When our family has the opportunity to go to an Asian restaurant that serves a traditional ginger house salad, everyone wants to order one. It’s so basic and yet so refreshingly tasty: chilled bowl, crisp lettuce, and tangy dressing. YUM!
So, last week after we ate at Koi and everyone devoured their salad, I determined that I was going to make it at home this week. (I made it a couple of years ago and wasn’t sure that I ever got the dressing right.)
I looked online for some recipes for the dressing, found a few, and scribbled out a comparative chart to determine the recurring ingredients, and attempted to find which looked most like the restaurant. There was much variation in the recipes I found, but there were some constants: rice vinegar, ginger, carrots, onion, and oil. I tried to stick to ingredients that I thought were authentic, fresh, and healthy (therefore, no ketchup, mayo, or Sprite?! Which were found in a couple of versions.)
It takes about 5 minutes to make and costs about $2 for 6 salads, less than the price of one house ginger salad at a restaurant.
1 large or 2 small carrots, coarsely chopped
¼ cup onion, finely chopped
4 Tbsp. fresh ginger, peeled and chopped
6 Tbsp. rice vinegar
2 Tbsp. vegetable or canola oil
1 Tbsp. sugar or Agave nectar
½ tsp. sesame oil
1 tsp. soy sauce
2 Tbsp. water
Salt to taste
Freshly ground black pepper to taste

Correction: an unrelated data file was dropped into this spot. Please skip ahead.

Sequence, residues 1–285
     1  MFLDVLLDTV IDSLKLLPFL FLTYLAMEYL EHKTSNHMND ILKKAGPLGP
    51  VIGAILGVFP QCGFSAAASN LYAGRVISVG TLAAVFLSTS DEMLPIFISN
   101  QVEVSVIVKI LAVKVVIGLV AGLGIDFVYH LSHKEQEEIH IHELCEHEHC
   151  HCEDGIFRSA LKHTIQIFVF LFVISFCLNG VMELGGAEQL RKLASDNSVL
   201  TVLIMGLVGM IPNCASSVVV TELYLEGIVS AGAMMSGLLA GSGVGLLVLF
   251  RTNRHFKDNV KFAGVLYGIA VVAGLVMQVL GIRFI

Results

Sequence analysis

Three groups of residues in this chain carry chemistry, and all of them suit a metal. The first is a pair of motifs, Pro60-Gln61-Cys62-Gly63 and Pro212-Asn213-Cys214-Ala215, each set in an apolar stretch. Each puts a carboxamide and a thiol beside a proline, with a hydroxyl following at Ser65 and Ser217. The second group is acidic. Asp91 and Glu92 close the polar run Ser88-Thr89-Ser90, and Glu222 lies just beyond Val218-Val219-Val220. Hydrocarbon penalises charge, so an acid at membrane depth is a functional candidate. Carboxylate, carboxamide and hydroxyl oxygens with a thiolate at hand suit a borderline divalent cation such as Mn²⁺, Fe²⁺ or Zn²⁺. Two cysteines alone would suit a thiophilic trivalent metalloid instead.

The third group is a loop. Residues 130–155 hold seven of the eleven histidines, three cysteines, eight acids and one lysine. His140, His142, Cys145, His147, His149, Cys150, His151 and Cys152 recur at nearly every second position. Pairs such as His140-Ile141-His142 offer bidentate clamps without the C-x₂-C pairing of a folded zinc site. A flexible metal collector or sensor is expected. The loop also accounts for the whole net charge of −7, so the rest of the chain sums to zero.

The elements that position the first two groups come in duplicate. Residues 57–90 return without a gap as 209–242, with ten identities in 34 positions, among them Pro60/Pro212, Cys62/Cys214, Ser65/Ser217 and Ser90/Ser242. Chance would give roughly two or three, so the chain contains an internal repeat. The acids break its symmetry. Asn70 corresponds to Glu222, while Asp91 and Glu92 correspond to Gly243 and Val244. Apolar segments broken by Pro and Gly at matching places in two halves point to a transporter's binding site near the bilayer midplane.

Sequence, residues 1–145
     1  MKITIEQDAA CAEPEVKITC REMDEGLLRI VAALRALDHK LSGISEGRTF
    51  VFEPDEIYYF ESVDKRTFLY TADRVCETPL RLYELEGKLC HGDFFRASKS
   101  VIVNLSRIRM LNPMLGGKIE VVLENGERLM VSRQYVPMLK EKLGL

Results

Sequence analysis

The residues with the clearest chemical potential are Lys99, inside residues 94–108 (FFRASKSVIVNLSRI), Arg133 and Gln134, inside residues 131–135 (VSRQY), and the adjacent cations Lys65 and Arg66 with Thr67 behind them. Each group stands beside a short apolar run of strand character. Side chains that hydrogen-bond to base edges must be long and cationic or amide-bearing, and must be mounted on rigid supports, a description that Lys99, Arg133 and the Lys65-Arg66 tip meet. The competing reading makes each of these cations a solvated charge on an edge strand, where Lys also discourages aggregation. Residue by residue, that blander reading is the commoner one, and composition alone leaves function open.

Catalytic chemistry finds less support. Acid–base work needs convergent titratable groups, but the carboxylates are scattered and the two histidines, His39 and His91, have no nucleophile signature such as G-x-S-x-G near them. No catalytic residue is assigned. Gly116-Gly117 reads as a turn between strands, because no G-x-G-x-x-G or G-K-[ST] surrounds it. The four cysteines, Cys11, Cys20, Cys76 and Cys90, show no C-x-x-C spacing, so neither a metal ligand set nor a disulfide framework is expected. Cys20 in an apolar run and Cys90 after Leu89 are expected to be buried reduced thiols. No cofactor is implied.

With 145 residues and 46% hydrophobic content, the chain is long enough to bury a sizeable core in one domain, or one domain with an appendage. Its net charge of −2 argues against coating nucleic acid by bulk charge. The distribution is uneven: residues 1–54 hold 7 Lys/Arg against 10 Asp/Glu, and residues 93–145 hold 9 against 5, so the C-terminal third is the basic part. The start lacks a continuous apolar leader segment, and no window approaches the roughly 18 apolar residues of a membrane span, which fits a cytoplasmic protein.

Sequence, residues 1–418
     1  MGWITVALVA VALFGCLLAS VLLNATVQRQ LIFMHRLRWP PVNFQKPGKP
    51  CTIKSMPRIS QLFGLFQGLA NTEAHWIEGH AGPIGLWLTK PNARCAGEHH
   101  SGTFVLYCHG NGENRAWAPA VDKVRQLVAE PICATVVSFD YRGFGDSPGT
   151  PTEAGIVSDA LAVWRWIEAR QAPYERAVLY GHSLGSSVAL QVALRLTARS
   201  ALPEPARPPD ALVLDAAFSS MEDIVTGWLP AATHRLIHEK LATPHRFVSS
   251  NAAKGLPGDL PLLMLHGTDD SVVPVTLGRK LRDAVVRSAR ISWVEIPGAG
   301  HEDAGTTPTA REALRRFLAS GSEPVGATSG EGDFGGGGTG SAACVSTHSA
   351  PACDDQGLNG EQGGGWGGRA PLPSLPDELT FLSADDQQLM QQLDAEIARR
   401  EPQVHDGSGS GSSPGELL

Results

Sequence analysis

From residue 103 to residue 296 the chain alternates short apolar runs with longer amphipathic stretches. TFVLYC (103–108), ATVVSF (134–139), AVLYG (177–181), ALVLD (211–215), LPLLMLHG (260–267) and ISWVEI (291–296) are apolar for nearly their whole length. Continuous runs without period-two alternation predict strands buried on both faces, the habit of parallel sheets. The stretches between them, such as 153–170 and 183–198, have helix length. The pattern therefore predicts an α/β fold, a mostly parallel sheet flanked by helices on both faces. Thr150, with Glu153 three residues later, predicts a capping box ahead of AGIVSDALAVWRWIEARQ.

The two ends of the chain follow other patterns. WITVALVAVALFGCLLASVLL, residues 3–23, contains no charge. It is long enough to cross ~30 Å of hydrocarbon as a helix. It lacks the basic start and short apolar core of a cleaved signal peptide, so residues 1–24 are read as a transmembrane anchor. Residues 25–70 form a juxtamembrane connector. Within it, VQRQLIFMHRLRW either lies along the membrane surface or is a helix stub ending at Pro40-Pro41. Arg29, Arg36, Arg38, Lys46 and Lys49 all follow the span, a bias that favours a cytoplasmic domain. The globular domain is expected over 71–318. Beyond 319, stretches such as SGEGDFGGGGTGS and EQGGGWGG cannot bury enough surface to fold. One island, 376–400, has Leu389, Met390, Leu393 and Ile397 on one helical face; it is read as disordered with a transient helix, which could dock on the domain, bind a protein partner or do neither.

Put all the ingredients in a food processor or blender.
Puree until smooth. (If you prefer the dressing to be thinner, add water.)
[Tweak proportions of ingredients to your liking. Store the dressing in the refrigerator for up to a week.]
Wash and coarsely chop a head of Iceberg lettuce, or lettuce of your choice, add grated carrots, thinly sliced radishes and anything else you want (I think cucumbers are a nice addition). Dress with ginger dressing right before eating.
Serve in chilled bowls for an extra cool, crisp touch.
Dave made a tray of Sushi, I made the salad, and it was in the fridge so that when everyone came home from their activities, dinner was ready to be eaten- no cooking or mealtime prep required.
This dressing can be a starting point if you want to get creative with salad toppings, making it a main dish salad, or keep it basic as a simple, tangy, side salad.